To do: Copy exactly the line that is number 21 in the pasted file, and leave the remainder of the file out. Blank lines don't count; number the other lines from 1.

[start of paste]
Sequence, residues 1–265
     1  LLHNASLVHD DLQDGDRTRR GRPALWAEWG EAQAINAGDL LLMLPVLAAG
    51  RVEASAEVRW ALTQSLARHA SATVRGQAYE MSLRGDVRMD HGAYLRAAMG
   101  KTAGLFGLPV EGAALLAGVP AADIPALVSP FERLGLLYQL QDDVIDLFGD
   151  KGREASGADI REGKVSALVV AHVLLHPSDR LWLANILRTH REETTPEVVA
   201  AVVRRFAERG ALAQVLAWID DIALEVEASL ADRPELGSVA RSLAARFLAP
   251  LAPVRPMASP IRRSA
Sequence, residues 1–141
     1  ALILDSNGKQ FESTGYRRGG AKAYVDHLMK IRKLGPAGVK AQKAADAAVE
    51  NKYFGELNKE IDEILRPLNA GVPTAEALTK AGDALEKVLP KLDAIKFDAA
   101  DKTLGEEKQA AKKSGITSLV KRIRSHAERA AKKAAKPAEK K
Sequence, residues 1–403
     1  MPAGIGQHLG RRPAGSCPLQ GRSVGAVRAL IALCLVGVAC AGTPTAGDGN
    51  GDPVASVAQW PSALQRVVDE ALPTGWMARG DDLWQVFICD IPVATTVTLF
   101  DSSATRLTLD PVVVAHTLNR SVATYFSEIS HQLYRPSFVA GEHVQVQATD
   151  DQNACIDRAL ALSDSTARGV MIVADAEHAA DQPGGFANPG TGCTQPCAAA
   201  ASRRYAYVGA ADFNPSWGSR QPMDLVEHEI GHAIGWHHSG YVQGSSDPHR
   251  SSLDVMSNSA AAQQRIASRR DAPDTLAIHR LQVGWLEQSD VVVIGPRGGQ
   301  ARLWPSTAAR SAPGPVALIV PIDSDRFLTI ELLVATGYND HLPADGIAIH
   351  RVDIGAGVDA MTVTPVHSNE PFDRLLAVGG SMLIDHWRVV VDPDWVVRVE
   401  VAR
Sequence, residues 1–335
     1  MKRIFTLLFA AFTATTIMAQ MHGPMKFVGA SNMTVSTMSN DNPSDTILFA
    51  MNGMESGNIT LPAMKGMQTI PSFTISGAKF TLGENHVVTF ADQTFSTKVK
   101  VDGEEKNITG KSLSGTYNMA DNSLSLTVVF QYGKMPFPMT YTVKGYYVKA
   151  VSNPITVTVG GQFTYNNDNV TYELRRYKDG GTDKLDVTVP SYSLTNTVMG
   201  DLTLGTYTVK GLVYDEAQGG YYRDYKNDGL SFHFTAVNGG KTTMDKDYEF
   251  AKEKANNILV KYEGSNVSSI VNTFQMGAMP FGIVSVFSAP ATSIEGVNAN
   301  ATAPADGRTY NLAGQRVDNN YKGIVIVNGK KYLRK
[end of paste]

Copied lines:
   401  VAR